Only eight contestants remain on So You Think You Can Dance‘s Season 14 roster, and it seems they’re willing to do anything to stay in the competition: Get tied to a chair! Dance in a pile of garbage! Wear strange blonde wigs! (Whoops, sorry. That was just Vanessa Hudgens.)
Monday’s episode of Dance also delivered some major nostalgia for the Fox series’ glory days, back when 20 amateurs would make it to the live shows and pair up with one another for two months of remarkable growth. (Nigel, if you miss it so much, please make it a thing again.)
But at the end of the broadcast, we were forced once again to say goodbye to a dancer who was just hitting his or her stride. First, let’s recap the amateur/All-Star duets:
* Koine Iwasaki and All-Star Marko (Jazz) — I’m not entirely sure that the judges and I were watching the same routine here. After the lights came up, I expected Mary, Nigel and Vanessa to give Koine and Marko pitying looks and quickly comment on the dancers’ missteps — because, from my vantage point, Koine and Marko were often out of sync, and Koine didn’t get nearly as much height as Marko did on those jumps. There’s no harm in starting an episode with a light, story-less routine, but I was disappointed that Koine and Marko couldn’t build on last week’s powerful hip-hop with something more substantive.
* Taylor Sieve and All-Star Robert (Hip-Hop) — Instead of using his executive producer power to direct creepy, lecherous comments at the female contestants, Nigel Lythgoe ought to fire the stylist who put Taylor’s hair in that long, straight ponytail, which obscured her face (and Robert’s, at times) throughout much of the routine. But when we could see what Taylor was doing, it was a joy, right down to the stank face she maintained throughout the piece. Taylor didn’t hit every beat as hard as Robert did, but given her prim-and-proper contemporary roots, I was utterly delighted to see how well she curved those shoulders and sank into the rhythm.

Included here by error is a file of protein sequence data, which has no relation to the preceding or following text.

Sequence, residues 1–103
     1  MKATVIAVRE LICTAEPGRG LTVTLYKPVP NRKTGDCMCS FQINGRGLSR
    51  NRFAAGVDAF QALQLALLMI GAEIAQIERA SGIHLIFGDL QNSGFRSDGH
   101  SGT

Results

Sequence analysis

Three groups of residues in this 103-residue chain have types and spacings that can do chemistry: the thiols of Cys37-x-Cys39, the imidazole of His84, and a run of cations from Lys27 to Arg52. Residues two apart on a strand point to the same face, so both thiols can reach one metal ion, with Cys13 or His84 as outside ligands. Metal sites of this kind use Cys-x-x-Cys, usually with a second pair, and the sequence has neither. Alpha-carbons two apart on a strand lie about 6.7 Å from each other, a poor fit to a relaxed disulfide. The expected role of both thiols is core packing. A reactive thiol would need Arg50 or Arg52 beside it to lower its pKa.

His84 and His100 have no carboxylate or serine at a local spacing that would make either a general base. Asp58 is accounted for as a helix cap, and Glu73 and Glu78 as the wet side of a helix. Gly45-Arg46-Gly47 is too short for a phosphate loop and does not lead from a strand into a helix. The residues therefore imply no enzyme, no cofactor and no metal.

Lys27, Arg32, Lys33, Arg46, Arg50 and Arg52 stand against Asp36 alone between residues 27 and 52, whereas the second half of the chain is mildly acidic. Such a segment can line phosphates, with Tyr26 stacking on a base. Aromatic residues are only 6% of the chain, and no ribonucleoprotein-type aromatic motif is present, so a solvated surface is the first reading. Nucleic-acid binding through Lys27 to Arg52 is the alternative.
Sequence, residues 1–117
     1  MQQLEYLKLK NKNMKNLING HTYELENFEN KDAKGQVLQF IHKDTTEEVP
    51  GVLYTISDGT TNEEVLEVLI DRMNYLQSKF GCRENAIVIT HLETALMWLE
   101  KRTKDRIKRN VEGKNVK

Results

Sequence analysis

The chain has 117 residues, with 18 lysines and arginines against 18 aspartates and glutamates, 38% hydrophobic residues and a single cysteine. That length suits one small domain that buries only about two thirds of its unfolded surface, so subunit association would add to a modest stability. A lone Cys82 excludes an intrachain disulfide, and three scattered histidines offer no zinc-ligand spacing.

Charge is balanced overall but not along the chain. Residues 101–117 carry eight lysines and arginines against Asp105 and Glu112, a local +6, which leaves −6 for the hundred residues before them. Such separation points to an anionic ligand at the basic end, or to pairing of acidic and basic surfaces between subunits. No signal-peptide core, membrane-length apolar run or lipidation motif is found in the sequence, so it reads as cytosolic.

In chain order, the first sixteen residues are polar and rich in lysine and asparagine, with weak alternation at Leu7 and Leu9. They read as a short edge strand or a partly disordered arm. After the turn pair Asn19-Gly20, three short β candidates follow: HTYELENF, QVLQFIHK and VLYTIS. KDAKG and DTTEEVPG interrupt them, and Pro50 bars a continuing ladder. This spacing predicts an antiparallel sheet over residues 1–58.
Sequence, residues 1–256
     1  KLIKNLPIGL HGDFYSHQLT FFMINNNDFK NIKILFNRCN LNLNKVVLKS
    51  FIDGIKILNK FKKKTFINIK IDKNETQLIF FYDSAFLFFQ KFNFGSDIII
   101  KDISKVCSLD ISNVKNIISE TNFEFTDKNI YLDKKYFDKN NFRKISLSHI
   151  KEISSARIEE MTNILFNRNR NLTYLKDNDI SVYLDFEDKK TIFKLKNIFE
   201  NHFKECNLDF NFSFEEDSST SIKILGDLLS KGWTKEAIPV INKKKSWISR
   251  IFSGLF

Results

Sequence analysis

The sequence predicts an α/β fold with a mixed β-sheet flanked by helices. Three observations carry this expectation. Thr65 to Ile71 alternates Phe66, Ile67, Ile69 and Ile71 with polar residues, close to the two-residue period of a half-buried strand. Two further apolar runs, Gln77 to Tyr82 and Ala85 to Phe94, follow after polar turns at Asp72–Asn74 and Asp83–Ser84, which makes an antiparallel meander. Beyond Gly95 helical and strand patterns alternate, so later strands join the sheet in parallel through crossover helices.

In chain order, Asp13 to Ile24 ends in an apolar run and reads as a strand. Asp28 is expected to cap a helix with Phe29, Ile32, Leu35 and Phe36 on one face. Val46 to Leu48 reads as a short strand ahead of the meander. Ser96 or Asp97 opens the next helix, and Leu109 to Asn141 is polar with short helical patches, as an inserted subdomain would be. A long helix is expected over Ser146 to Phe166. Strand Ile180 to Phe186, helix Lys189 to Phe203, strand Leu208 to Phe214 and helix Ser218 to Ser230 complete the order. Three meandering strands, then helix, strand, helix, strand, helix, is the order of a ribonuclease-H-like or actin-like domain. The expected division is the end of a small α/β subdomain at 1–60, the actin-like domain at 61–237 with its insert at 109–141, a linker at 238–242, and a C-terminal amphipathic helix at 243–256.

* Lex Ishimoto and All-Star Gaby (Contemporary) — Of the many reasons that I’m glad Lex finally danced in his own style, his emotional connection to this contemporary piece tops the list. Of course, his physical prowess was also astounding: that careful, controlled handstand; the effortless isolation of his muscles; the core strength needed for the climactic lifts. But in this week’s routine, Lex finally seemed to feel what he was dancing, rather than grinning and bearing it for the duration of a Broadway number, tap combo or Argentine tango. When Lex’s shoulders shook, in perfect sync with the soundtrack’s jangling tambourine, he beautifully communicated every ounce of pain and frustration that the choreography required.
* Kaylee Millis and All-Star Cyrus (Cha-Cha) — Though Kaylee occasionally dipped into smile-widely-until-this-dance-is-over territory, the confidence, sass and sharp hipwork that she brought to this cha-cha was easily the evening’s most pleasant surprise. Truthfully, when Kaylee first wowed us in her audition (and presumably sailed through The Academy, given how rarely we saw footage of her), I thought she’d be a Jeanine Mason or Katee Shean type, who would effortlessly master any style thrown her way. Four weeks into the live performances, she hasn’t quite proven that she deserves the Dance crown, but I admire her refusal to back down from a challenging style.